WASHINGTON -- What began rather modestly as 400 yards of English wool, strewn on the floor of Mary Pickersgill's house at Pratt and Albemarle streets in Baltimore, grew up into a treasured icon.
But now the Star Spangled Banner -- the flag, not the national anthem -- is falling into disrepair.
This week, about 50 historians, textile experts and museum curators are meeting here to recommend ways to preserve the flag.
The enemies: airborne clothing fibers, bits of dead skin, shifts in light and humidity.
The enormous hand-sewn banner -- 34 by 30 feet, with each star spanning 2 feet from tip to tip -- that was so gallantly streaming over Fort McHenry as the British bombarded Baltimore during the War of 1812, inspired Francis Scott Key to write what became the national anthem.
Since 1963, the tattered and frayed flag, with 15 stars and 15 stripes, has hung in the entrance hall of the National Museum of American History in Washington. But 183 years after it was hoisted over Baltimore's Inner Harbor, the flag may be disintegrating.
Having completed a yearlong study of seasonal changes and the effects of light and heat on the aging relic, the museum is turning over its findings to an outside panel of experts to determine how to extend the flag's life span.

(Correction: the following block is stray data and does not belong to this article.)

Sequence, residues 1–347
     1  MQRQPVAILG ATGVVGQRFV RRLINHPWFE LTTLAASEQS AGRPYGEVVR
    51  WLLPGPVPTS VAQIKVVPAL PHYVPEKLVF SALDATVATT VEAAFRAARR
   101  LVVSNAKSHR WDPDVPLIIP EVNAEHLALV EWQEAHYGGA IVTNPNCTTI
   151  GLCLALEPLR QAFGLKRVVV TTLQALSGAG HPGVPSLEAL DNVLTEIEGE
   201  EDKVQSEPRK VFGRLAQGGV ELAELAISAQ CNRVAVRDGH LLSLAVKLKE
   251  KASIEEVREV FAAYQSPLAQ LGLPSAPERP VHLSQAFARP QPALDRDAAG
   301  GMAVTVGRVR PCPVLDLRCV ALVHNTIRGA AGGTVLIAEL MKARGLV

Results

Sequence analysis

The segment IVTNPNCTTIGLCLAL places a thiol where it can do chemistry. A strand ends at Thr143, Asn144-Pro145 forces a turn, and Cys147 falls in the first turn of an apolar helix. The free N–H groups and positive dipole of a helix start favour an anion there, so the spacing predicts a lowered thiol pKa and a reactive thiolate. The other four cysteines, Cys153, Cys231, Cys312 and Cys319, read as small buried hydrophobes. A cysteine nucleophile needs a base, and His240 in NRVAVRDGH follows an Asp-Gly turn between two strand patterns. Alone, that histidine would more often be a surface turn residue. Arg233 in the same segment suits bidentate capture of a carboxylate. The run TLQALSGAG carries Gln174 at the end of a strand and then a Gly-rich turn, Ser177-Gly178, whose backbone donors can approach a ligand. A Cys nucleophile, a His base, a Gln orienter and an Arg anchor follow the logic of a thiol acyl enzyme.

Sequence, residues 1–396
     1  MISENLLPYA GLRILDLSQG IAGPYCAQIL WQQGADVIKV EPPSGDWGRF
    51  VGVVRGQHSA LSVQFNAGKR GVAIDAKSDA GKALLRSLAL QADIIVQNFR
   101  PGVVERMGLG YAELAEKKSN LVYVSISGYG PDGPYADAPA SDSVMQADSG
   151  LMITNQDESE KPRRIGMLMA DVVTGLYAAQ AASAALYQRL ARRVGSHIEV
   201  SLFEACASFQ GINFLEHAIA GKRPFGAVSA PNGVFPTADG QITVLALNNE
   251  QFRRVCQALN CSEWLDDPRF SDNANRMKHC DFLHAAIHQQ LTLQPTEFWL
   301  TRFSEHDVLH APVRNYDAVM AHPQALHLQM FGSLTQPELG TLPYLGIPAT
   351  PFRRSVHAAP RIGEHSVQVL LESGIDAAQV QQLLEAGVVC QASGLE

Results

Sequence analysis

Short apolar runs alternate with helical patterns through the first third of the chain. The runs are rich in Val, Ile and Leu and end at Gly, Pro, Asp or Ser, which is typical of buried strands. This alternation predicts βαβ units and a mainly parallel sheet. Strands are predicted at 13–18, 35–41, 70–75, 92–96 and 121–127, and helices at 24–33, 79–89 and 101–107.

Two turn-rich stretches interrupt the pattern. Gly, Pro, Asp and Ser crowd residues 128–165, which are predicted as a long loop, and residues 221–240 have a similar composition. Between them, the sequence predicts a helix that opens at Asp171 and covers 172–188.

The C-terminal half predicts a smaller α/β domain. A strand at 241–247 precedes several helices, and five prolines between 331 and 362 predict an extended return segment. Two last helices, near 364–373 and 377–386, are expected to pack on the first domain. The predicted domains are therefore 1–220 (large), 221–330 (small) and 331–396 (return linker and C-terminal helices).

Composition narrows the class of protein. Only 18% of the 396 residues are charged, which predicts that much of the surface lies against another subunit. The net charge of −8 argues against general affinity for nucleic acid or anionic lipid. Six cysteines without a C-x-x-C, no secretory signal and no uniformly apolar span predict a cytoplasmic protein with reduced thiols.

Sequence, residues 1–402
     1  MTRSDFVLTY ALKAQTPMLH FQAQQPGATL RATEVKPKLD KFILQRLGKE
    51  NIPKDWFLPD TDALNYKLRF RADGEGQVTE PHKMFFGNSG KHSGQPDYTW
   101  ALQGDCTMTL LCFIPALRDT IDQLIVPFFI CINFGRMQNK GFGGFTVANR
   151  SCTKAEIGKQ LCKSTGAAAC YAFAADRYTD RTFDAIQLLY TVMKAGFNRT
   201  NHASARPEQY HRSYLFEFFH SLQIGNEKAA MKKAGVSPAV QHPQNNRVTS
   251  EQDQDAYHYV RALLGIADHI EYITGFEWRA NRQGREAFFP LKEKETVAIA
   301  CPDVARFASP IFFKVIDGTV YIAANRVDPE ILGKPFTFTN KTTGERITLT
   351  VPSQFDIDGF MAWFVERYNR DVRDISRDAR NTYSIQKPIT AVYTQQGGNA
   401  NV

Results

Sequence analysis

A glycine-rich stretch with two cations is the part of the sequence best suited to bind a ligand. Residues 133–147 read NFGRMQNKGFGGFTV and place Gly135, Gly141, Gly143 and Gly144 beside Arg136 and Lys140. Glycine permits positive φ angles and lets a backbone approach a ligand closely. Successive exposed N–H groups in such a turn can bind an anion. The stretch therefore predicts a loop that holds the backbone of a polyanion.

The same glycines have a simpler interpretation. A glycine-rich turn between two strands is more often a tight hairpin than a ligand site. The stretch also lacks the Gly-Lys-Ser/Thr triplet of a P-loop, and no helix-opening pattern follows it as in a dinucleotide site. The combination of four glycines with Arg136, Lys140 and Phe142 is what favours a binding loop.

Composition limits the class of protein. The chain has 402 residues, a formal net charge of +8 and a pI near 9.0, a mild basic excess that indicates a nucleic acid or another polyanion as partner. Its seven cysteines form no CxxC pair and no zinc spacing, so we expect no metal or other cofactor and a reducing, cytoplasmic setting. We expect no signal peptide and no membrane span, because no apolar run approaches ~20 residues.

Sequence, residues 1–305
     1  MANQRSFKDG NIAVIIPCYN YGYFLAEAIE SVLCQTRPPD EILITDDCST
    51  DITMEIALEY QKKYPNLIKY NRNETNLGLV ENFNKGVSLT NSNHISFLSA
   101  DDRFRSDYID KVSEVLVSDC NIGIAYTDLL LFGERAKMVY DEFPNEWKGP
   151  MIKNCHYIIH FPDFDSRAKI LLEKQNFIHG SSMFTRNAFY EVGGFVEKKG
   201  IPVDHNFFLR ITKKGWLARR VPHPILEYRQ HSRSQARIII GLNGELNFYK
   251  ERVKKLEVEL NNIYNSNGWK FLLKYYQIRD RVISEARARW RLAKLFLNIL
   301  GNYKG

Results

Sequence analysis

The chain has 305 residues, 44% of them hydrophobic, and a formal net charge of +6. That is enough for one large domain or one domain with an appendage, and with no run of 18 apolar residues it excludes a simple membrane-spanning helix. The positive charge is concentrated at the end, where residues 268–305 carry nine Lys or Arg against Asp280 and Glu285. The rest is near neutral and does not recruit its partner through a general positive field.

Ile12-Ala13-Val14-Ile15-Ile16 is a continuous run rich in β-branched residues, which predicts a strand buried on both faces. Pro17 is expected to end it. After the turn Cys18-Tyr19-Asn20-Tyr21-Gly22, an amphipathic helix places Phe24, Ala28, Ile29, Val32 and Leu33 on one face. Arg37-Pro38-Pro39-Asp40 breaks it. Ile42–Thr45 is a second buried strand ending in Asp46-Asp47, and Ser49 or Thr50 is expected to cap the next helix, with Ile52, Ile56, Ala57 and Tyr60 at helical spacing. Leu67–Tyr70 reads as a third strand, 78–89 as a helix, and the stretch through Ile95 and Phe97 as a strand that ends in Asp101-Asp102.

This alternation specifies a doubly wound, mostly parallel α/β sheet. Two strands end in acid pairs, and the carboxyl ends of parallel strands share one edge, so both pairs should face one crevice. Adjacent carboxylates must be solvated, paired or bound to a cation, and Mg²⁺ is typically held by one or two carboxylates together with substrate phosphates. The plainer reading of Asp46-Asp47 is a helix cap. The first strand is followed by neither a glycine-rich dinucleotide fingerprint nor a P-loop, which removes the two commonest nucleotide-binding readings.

Most of all, "time is its enemy," said Suzanne Thomassen-Krauss, textile conservator for the museum.
"We're going to look at ways to mitigate all of the agents."
Each day, thousands of tourists visiting the museum stand before the imposing flag, which fills the three-story space. In peak summer days, up to 17,000 people visit.
"The whole thrust of the conference is to [find ways] to preserve the flag so that, in fact, it can be displayed in a way that future generations can have access to it," said Dennis O'Connor, the Smithsonian's provost.
It is too early, officials said, to say whether the flag may be moved to a section of the museum less exposed to outside elements or simply housed behind an opaque screen in the foyer, as it was for several years. Two years ago, the cables holding a protective screen for the flag broke.
The Smithsonian hopes to produce a timetable for preservation by early next year and begin fund-raising for the effort soon after.
It hopes to finish the preservation work by 2000.
Pub Date: 11/23/96